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How to Succeed at the RFP Process

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Sorry, fellow agency friends, this entry isn’t for you. It’s for those of you who want to issue an RFP – public and private sectors alike.

You can get the most out of your potential agency partners if you’re willing to create a little healthy competition amongst the crowd. A little secret about agency folks – we are EXTREMELY competitive. Use that to your advantage!

Follow a few simple guidelines to find the best partner:

1. First, issue a Request for Information. Make it fairly short and basic – you want to find out the size of the agency, some of its other clients and whether they are equipped to handle your business. For example, if your budget is $10,000 and one of the agencies has annual revenues of $100 million, it’s likely you won’t get the attention you need and deserve because your budget makes you low man on the totem pole.

You can also ask some non-traditional questions that will paint a good picture of what kind of people you’ll encounter. I like this approach on the RFI.

2. Second, the actual RFP. The ultimate goal is, again, to determine which finalist is the best fit for your organization’s needs. You can easily separate the wheat from the chaff with a few simple questions you can ask of your candidates:

– How important am I to your business? [In other words, am I the smallest client, the largest client, or somewhere in between? Will they need to hire to handle your business or are they ready as is?]

– What is different about you? [Most agencies will say the same things – amazing creative, we treat you like family, we’re new/hip or we’re established/reliable – none of that matters if those things do not meet your needs.]

– I have an RFP budget of $2,000 for you to develop a spec campaign for our new product. I will pay you for your time, whether we select you or not. If you’re selected, the budget for this project will be $500,000. [Let me be clear here – I AM suggesting that you should invest $6,000 – $2,000 each for 3 finalists – in the RFP process. The agencies will be invigorated by this. You’ll get tremendously better work out of them. And you’ll own the ideas too.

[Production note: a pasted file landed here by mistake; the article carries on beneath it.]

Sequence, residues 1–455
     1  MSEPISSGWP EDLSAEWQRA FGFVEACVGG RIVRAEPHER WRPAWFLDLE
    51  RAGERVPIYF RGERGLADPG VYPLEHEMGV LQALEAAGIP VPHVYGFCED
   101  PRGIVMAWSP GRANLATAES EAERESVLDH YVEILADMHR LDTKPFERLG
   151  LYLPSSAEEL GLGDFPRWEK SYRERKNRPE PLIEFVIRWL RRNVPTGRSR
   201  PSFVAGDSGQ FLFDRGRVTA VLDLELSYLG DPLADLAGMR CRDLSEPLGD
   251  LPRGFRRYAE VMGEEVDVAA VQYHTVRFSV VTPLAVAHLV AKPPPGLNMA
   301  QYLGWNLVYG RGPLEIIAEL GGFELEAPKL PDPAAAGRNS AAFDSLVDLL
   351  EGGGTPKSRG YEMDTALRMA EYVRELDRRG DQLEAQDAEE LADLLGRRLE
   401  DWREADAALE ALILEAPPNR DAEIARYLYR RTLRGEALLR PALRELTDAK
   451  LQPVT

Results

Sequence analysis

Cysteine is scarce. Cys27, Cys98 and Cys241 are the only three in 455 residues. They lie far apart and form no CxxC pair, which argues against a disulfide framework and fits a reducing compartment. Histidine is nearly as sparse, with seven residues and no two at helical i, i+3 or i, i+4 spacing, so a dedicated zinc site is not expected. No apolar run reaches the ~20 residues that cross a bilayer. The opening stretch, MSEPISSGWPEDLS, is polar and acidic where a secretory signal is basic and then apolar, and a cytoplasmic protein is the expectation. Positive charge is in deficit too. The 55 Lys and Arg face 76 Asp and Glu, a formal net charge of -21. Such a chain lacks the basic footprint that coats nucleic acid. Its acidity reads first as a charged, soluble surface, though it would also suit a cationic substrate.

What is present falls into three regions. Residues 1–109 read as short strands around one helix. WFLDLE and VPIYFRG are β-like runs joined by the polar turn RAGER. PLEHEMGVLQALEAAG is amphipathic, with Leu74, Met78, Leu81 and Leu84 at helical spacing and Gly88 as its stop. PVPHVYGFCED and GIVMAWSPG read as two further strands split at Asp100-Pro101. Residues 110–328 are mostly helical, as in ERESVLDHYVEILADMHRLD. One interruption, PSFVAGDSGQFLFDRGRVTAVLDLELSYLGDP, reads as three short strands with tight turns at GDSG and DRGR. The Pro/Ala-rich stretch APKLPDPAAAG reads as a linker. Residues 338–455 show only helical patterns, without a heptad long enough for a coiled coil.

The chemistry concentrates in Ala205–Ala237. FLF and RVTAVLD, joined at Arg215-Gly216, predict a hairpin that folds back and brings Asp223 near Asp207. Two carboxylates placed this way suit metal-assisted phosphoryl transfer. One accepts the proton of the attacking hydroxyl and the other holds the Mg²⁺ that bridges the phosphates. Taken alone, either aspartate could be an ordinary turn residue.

3. Third, give the finalists 4 weeks to develop their plans. Time produces deep thought and effective strategic thinking. And then have them in for live presentations and Q&A. You won’t believe the part chemistry plays in agency selection. Do you like them? Do you think they listen well? Do they read between the lines well? Are they open to your ideas?

4. Finally, make your decision and notify the winner first. Then, call each non-winner with a prepared set of talking points about why they did not win your account. Be honest. That’s the fair thing to do. We are all dying to know if we’re going to have the honor of helping you, especially after putting so much work into the pitch.

There was one RFP a few years ago that I thought was deployed and handled perfectly. While we weren’t selected, I understand why and have no negative feelings about it – well, other than being bummed about not getting to do great work for good people!

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